What happens in your body and mind during sex?


You probably recognise this moment: you look at your partner and suddenly you see the fire in his or her eyes. One short glance is enough to set off a passionate lovemaking session. Your heart is hammering in your chest, your cheeks start to glow, and your body becomes hyper sensitive. When this is all happening, you don’t stop to think about it. Which makes it even more interesting to take a look at what is actually happening in your body and mind during sex.

Letting go by understanding

If you want to completely let yourself go during sex, it’s important to understand your body and mind. It’s possible that you’re holding yourself back by worrying about things that are actually very normal. Sometimes this leads to lightheadedness, shaky legs, tingling in your body, and only getting aroused after a considerable amount of foreplay. The body is a complex machine that operates at full capacity during sex. And every body works differently. We will take a look inside our brain to understand the process. Read and learn!

The first phase: desire for sex

Everything starts with a strong sexual desire, so strong that you decide to take action. But where does this desire come from? Broadly speaking, there are two types of stimuli that cause sexual desire: the conscious stimulus and the subconscious stimulus. A subconscious stimulus can be a look or a remark that triggers a bodily response. Sometimes without you even noticing it. A conscious or direct stimulus is something that you feel or see, like a kiss, a sexy text message, or a porna video (female-friendly porn).

Your brain reacts to these sexual signals. After a while, desire turns into sexual arousal. How long this process takes varies per person. So always take all the time you need to get aroused.

The second phase: sexual arousal

Your brain is very aware of what’s going on at this point. There have been direct or indirect stimuli that gave your body the necessary impulses. Your body creates the hormones oxytocin and vasopressin in record time. These hormones give you a feeling of connection with your (sex) partner. Your blood flow increases, your blood pressure rises, and your cheeks flush. In low-oxygen rooms, this can make you feel a little lightheaded, but you’re usually so into the moment that you don’t notice it.

”Your blood flow increases, your blood pressure rises, and your cheeks flush.”

Your body creates nitric oxycide, which, among others, makes your vagina and breasts swell up (up to 25%) and if you’re a man, your penis gets hard and your balls pull upwards. Intimate parts like labia, nipples, or balls become much more sensitive.

The third phase: plateau

‘What is plateau?’ I can hear you think. The plateau phase has everything to do with your sexual response cycle. Simply put, this is the phase where your body prepares for sex and tries its best to stay in that mode for as long as possible. In a manner of speaking, all your body cells focus on just one thing: sex. Your circulation improves even more, your vagina gets wetter, you start to breathe more heavily, and you can’t wait to actually have sex. If you’re a man, your penis releases precum.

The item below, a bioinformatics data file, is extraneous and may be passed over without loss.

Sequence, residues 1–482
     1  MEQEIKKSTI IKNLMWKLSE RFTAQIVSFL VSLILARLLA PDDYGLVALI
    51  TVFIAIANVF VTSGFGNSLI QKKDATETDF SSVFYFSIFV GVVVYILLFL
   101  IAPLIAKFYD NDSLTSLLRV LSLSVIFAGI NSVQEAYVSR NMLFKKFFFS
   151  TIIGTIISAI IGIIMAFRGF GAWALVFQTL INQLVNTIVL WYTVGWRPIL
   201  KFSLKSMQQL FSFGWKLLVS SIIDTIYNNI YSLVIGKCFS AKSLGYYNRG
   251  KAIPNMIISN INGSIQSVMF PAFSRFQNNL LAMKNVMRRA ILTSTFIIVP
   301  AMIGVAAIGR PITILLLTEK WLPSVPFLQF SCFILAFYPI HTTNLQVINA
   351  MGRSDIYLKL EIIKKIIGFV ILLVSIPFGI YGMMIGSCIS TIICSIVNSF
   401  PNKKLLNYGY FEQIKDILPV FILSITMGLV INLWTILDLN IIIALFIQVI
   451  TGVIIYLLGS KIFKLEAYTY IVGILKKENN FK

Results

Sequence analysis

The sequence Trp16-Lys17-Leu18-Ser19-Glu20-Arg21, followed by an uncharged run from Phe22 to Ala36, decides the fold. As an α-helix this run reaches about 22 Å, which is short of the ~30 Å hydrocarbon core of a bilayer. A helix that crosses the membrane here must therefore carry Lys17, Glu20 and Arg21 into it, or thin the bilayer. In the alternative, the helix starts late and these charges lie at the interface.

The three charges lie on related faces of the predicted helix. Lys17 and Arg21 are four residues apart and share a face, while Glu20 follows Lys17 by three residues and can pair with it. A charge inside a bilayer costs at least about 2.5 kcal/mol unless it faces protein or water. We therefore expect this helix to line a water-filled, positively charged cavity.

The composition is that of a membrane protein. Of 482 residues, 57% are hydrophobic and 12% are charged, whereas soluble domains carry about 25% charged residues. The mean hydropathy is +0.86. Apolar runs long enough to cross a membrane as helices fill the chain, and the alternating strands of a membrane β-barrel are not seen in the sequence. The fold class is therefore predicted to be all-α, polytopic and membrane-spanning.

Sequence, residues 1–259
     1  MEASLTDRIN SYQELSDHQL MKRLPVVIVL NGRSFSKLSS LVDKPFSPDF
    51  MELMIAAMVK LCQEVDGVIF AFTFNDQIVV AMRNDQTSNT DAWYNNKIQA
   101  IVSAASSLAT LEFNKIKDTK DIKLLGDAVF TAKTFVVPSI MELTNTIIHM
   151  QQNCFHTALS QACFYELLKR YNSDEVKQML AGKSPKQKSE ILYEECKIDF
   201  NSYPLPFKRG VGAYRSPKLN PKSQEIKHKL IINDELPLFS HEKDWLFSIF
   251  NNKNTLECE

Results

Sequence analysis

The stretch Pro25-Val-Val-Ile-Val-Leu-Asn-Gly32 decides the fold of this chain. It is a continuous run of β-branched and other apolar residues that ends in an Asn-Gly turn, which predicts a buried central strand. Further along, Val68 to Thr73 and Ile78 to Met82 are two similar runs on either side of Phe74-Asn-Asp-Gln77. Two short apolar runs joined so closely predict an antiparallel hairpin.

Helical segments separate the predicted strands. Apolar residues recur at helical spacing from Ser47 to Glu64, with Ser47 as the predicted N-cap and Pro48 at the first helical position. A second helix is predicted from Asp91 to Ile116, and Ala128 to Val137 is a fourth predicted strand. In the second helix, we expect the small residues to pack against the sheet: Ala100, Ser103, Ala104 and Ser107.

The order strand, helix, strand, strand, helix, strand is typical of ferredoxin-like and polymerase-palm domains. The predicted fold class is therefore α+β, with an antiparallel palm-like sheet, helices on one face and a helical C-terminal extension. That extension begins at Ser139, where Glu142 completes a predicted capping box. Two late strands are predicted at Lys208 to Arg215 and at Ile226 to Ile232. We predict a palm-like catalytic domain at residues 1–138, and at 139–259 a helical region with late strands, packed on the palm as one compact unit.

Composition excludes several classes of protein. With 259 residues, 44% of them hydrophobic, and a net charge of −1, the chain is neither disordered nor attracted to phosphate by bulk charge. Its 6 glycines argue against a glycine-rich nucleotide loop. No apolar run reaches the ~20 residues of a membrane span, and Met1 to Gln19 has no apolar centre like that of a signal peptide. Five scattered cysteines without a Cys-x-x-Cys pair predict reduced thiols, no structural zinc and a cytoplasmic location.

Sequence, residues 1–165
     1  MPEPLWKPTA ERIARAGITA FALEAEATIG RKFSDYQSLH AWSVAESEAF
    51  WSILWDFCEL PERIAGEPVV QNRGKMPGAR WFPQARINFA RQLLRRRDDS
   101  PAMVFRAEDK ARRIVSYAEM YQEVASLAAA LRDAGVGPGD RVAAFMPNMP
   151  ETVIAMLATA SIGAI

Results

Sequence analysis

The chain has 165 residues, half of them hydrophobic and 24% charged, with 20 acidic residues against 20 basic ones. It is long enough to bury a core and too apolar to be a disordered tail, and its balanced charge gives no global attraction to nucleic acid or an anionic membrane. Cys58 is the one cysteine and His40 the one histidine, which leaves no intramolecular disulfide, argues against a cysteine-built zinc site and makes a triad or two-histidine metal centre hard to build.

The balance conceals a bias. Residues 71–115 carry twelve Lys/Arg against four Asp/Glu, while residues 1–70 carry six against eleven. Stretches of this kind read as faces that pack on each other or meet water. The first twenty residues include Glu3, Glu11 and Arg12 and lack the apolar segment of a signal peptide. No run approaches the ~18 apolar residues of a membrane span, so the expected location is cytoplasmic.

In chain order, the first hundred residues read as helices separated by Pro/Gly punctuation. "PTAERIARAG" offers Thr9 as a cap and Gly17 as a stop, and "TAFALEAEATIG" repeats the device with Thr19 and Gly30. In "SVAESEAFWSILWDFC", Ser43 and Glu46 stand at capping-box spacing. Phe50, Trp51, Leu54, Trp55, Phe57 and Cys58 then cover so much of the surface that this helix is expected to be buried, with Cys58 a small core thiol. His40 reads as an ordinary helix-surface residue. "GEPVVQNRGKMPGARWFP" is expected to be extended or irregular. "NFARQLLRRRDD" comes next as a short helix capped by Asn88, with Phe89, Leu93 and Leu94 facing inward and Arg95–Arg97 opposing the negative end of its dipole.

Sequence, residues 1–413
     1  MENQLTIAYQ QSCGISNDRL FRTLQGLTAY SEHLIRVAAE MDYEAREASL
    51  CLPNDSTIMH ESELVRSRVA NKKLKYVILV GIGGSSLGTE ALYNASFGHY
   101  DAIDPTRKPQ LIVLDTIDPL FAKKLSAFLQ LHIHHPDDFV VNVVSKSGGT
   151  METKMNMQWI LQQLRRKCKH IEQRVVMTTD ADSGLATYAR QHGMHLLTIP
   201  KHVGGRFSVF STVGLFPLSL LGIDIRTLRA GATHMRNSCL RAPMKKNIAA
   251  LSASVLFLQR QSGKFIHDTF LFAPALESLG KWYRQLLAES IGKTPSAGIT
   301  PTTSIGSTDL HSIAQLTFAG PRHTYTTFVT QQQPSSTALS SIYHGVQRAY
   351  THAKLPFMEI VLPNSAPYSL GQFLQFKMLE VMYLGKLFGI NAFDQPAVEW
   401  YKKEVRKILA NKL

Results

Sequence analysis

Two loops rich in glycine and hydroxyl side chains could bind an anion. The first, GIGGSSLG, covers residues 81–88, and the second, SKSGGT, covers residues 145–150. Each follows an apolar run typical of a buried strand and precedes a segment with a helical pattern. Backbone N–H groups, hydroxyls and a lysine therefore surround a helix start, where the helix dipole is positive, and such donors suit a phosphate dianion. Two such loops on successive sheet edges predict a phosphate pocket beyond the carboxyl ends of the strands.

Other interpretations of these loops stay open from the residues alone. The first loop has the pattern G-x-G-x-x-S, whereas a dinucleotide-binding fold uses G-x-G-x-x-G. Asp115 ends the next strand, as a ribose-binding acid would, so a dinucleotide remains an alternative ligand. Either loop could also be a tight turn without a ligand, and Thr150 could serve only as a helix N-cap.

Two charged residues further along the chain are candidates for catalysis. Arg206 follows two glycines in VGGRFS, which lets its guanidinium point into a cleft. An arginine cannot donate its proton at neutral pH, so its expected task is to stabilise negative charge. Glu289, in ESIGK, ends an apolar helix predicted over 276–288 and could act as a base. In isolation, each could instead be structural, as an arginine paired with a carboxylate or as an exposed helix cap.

plateau; seksuele opwinding

The fourth phase: SEX!

Now that you’re completely into the moment, your body works extra hard to help you along. More oxytocin (the ‘hug hormone’) and dopamine are released. The latter is mainly known for its painkilling and stress-relieving effect, which is why dopamine is often called the ‘happiness hormone’. Dopamine is also the reason why sex is usually such a pleasant experience.

Your brain is so busy at that moment that it causes a natural high. In other words: you end up in a state that is similar to the effects of a light dose of drugs like xtc. The more intense the previous phases were for you, the more intense the entire experience will be during sex.

The fifth phase: this is what happens during an orgasm

You usually feel it coming: your heart rate and blood pressure reach a high point. You start sweating, your face turns red, and you can no longer control your body and facial expressions. The vagina and pelvic muscles contract at a high speed and if you’re a man, the sperm in your scrotum is ready to be launched. During the orgasm, which for women lasts about 25 seconds, more dopamine, adrenaline, and oxytocin is released.

The contraction of your uterus by oxytocin is useful from a biological point of view. It makes sure sperm cells can swim through the cervix. Almost nothing that happens throughout all the phases happens without a reason.

Also read: Say yes! Give in to your orgasm with these tips

The sixth phase: recovery

The shaking, sweating, heavy bereathing, and moaning part is suddenly over. Exhausted from a passionate adventure, you’re trying to catch your breath. Your heart rate recovers, your breathing stabilises, and your muscles relax. After a while, your face is not as red anymore and before you know it, you’re completely recovered from an intense lovemaking session.

”Your heart rate recovers, your breathing stabilises, and your muscles relax.”

Men get sleepy after sex, because after they have an orgasm, their body creates a chemical reaction of prolactin, oxytocin, and vasopressin, which promotes sleep! That is why many men seem to be completely wiped out after sex. For both men and women, the endorfin that is released has a physically and psychologically calming effect. Want to know more about afterplay? Let this article inspire you.

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